8Get a skin cancer screening. Even freckles could indicate a problem, says registered nurse Donna Goldsborough of Bayhealth Medical Center. Other warning signs include moles, lesions, and red or darkened areas.

9Limit your intake of sodas to one a day to reduce sodium, says Dawn M. Fowler, stroke center coordinator at Bayhealth Medical Center. “Less sodium translates into healthier blood pressure and lower chances for stroke,” she says.

10 Maintain muscle mass through weight-bearing exercise, says Dr. Charles Wagner, a family practice physician in Milton. “Even if you’re not of an ideal weight, as long as you’re carrying muscle, you’re statistically more likely to be healthier than a heavy person without the muscle. By the time you reach 60, you’ve lost 60 percent of your muscle cells. If you keep the cells tuned up, they’ll maintain the muscle fibers within the remaining cells and keep you out of trouble.”

11 Maintain a “four by four diet” of 400 calories four times a day. “This allows the body to take in fuel at a reasonable speed,” Wagner says. “You don’t want to eat 1,600 calories at one sitting. A visit to a fast-food restaurant, where you consume a large meal, is essentially a 1,600-calorie trip. Your pancreas and liver can’t tolerate that forever.”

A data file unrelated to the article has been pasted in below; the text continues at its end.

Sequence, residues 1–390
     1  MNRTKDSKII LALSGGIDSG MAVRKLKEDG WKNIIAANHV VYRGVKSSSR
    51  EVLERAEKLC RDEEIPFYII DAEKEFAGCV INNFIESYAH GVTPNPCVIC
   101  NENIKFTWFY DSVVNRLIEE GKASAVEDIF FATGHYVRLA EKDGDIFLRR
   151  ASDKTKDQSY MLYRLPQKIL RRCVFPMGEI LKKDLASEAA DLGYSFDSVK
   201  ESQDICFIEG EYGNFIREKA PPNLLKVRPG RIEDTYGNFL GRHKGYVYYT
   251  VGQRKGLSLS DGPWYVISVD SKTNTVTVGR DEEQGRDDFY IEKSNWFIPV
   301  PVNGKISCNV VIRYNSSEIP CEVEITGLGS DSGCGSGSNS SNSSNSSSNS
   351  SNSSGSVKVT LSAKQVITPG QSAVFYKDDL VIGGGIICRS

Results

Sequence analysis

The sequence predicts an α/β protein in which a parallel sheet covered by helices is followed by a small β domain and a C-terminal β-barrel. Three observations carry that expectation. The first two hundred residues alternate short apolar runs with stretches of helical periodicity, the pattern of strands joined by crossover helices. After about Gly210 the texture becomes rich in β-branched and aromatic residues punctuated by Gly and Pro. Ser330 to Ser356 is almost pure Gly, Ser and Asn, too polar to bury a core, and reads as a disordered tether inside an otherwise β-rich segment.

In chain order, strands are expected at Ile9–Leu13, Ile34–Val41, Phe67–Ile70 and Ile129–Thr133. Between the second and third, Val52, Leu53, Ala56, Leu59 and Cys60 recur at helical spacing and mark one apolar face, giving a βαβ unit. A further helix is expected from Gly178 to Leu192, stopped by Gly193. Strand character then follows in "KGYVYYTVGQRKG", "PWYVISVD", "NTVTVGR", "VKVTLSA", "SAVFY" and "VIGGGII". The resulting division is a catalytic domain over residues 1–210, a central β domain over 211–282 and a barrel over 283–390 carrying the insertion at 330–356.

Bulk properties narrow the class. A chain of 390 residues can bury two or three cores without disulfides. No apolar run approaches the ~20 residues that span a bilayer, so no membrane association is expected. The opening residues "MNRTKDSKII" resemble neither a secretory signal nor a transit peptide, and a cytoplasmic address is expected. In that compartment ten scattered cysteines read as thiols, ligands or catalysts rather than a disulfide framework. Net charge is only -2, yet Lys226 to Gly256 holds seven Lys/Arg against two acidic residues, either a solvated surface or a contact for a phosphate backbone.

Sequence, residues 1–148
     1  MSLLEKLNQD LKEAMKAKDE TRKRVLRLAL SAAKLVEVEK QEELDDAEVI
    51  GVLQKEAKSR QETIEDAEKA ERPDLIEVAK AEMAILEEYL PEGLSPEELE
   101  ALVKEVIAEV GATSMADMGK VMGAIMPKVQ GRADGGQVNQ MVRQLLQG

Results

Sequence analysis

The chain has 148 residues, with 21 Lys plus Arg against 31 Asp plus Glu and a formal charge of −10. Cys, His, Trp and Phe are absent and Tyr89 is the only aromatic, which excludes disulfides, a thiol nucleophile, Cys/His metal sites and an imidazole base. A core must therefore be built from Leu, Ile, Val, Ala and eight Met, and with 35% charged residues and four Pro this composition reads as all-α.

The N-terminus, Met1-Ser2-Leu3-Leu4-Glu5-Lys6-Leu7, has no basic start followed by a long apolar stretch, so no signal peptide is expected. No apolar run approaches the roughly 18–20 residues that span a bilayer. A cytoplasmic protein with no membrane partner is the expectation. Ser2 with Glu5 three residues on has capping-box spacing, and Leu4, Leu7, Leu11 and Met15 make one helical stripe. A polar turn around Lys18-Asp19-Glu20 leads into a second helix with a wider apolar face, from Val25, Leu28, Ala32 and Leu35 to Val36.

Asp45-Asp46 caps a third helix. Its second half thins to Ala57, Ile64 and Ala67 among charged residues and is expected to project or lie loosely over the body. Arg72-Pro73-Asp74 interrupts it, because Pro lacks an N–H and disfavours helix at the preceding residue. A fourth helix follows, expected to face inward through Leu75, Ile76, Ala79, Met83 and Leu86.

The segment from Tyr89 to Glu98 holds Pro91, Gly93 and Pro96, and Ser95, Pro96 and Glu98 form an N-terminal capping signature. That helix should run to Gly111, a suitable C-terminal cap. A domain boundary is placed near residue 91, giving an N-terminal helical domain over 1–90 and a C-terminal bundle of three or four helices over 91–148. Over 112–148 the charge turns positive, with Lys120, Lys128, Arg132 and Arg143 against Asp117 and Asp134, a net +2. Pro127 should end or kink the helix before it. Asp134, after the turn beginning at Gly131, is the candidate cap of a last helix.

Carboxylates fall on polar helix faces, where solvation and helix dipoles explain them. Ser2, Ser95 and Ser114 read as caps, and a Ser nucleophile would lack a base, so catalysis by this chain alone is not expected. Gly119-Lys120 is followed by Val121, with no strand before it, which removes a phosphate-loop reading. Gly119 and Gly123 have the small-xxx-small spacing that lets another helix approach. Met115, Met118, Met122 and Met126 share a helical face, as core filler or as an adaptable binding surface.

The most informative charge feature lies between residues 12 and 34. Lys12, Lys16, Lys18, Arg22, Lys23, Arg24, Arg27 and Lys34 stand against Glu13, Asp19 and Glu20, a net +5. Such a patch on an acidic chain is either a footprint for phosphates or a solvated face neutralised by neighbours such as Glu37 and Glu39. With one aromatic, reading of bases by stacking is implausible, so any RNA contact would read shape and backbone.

12 Get outside at least once a week. “Run, bike or walk—without an iPod—at one of the area’s great state or city parks, and reconnect with the sounds, sights and smells of nature,” says Kris Benarcik, a personal trainer with Plexus Fitness in Wilmington. “It does the soul good.”

13 Incorporate interval training into your weekly workouts to strengthen your heart and lungs. “It works up a great sweat, burns calories and can be a time-saver, too,” Benarcik says. Warm up for five minutes, then alternate a minute of hard running and a minute of walking. Repeat seven to 10 times, then cool down. “You get a great workout in just 30 minutes,” she says.

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14 Make basic, short-term health and fitness goals. “Too many people want to radically change their entire lifestyle overnight and often feel overwhelmed,” says Rachael Ling, assistant fitness director at the Hockessin Athletic Club. “Whether it’s incorporating fitness or a nutrition element into your life, change happens slowly. Those who are most successful with transformation understand that they don’t have to give everything up tomorrow, but gradually, over time.”

15 Reward yourself for reaching health milestones. “If a woman says that she wants to drop a dress size or two as a result of her workout regimen, she should go out and buy a new dress in the new size and show off her accomplishment,” says Maria Argiroudis, fitness director at the Hockessin Athletic Club.